Doesn't Anna Wintour hate everybody? The second google search result for "Anna Wintour" is to a page called "Is Anna Wintour Satan?" Heh!
Natalie September 20th, 2005 | Link | I call bullshit. I know
I call bullshit. I know someone who works in contracts at C-N and if she were to get a job in editorial (which I think she wants to do eventually), she'd have to lose weight, even though she is already pretty thin.
ajoyce September 20th, 2005 | Link | Amazing. Not only do
Amazing. Not only do Vogue's models have to be pencil thin, so do their writers. Figures.
paul September 20th, 2005 | Link | Know what else? This is
Know what else? This is practically begging for a smart, educated fat fashion writer to apply for a job at Vogue, be denied due to weight, and then sue them.
saucebox September 20th, 2005 | Link | BLR, I got the same thing as
BLR, I got the same thing as you did. Talley's comment, in and of itself, was not a dig at fat people and can't be considered offensive. He simply stated what was, to the best of his knowledge, a fact: Vogue features ultra-thin models because its editor in chief "don't like fat people." The fact that the editor-at-large of a nationally distributed magazine doesn't use proper grammar concerns me more than his comment. I don't believe for a second that Talley's clarification of Wintour's prejudice (ie that she's concerned about health) is remotely true, but Talley can hardly be faulted for stating the truth in the first place. It should be plainly obvious that he endorsed the clarification to keep his job, which while making him a liar, doesn't make him bigoted against fat people.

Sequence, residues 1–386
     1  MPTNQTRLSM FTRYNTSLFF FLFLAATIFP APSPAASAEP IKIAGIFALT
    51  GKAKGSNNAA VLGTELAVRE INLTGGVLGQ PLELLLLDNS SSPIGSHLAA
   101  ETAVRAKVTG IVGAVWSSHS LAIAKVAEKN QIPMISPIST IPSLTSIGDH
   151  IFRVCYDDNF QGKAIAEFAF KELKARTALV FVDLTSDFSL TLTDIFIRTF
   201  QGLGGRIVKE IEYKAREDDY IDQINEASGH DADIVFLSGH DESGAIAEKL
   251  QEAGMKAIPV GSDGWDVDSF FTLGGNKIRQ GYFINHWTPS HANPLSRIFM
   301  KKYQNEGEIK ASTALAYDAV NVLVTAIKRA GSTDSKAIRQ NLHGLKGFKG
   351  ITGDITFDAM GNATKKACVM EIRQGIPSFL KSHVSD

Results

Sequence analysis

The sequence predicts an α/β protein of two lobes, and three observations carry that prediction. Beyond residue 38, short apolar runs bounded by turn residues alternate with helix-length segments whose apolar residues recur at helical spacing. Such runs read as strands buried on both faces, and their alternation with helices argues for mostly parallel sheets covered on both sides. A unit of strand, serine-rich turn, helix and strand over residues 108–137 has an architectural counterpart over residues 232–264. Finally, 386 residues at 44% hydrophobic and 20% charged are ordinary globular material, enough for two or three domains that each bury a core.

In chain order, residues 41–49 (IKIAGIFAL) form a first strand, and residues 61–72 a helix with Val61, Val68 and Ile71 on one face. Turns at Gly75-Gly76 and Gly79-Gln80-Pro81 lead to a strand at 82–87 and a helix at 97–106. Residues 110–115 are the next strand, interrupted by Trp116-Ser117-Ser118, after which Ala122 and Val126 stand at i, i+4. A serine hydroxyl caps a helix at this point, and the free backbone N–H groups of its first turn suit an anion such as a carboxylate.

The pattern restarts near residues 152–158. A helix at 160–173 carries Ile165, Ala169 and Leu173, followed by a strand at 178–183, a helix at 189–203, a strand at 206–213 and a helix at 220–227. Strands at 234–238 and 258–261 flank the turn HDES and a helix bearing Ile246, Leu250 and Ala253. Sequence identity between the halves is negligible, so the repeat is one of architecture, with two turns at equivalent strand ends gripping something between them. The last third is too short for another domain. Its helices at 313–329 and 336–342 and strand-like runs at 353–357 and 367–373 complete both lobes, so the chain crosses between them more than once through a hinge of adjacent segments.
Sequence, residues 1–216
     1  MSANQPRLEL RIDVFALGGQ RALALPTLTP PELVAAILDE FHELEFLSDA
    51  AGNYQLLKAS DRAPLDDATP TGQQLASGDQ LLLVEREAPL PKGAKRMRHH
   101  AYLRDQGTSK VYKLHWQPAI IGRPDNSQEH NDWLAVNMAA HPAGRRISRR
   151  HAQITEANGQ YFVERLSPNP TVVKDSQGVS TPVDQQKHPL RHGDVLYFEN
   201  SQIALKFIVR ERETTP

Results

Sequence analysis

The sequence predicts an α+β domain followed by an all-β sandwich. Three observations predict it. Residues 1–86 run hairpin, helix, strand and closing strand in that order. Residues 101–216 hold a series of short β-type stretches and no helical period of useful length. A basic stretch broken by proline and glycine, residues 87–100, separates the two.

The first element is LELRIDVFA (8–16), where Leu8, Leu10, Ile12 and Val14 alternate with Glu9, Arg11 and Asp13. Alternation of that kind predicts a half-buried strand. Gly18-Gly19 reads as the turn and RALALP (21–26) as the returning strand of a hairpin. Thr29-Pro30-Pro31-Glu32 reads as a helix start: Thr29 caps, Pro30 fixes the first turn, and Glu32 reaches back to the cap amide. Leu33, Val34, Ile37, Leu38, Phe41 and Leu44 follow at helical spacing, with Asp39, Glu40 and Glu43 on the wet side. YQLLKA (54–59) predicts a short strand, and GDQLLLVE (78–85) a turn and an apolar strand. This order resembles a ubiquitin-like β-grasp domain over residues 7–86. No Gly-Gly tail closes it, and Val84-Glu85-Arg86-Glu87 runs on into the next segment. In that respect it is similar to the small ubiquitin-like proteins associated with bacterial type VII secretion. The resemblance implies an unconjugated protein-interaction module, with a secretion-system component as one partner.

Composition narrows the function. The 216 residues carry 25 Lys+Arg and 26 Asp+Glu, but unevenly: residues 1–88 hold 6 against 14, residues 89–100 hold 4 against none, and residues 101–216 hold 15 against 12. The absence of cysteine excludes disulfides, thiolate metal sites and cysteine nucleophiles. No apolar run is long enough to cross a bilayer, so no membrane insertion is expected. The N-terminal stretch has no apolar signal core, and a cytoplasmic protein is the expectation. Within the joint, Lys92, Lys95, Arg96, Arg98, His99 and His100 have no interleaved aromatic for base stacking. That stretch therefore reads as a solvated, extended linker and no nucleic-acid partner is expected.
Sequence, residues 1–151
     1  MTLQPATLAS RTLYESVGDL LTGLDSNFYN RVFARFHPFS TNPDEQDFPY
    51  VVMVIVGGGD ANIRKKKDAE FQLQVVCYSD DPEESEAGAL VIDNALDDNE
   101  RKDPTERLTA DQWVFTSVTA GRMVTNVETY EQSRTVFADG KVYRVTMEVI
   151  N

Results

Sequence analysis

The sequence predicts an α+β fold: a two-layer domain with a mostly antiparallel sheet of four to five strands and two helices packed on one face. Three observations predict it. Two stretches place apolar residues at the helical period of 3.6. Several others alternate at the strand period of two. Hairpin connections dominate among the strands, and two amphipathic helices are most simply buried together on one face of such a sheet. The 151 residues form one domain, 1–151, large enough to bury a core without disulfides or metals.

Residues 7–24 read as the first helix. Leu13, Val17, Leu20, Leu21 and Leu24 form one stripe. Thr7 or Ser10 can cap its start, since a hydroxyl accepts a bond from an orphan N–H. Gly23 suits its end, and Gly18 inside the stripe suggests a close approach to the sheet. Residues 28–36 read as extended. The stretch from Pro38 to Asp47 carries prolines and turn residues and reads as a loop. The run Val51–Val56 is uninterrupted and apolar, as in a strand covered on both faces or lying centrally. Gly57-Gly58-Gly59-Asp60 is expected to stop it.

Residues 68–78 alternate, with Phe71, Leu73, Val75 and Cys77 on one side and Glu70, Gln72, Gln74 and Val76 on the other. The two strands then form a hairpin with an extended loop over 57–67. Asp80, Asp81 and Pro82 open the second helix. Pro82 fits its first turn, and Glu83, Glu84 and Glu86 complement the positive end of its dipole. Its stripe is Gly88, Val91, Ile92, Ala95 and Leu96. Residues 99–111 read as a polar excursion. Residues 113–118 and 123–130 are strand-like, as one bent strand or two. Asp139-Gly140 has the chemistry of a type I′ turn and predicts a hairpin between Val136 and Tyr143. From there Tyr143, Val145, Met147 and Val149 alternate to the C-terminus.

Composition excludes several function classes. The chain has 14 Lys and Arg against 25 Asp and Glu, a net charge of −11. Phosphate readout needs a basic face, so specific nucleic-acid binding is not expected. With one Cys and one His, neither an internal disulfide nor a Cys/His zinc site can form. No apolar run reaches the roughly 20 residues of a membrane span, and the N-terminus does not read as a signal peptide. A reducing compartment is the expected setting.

BLR September 20th, 2005 | Link | ...just a really, really
...just a really, really poor liar.
llh September 21st, 2005 | Link | As someone who once worked
As someone who once worked for Conde Nasty, I can assure you Ms. Wintour does indeed hate fat people.
beakergirl September 21st, 2005 | Link | I get the same vibe as BLR
I get the same vibe as BLR and saucebox. I didn't see the episode, and don't know Talley from Adam, but is he Southern or Black? That usage ("Miss Anna don't like fat people") almost sounds like a self-deprecating "gee whiz I'm just a stupid hick" comment being wrapped around a very barbed comment. I don't know. I gave up reading the fashion rags a dozen years ago and it's done a lot for my self esteem. But I have heard rumblings about Wintour not being the lovliest of people "on the inside." 'cos you know, if "Miss Anna" is so concerned about her model's "health," she'd be investigating the possibility of, you know, eating disorders and stuff. 'Cos I think anorexia will kill you faster than being fat will - you know, the screwed up electrolytes and the heart stopping and stuff.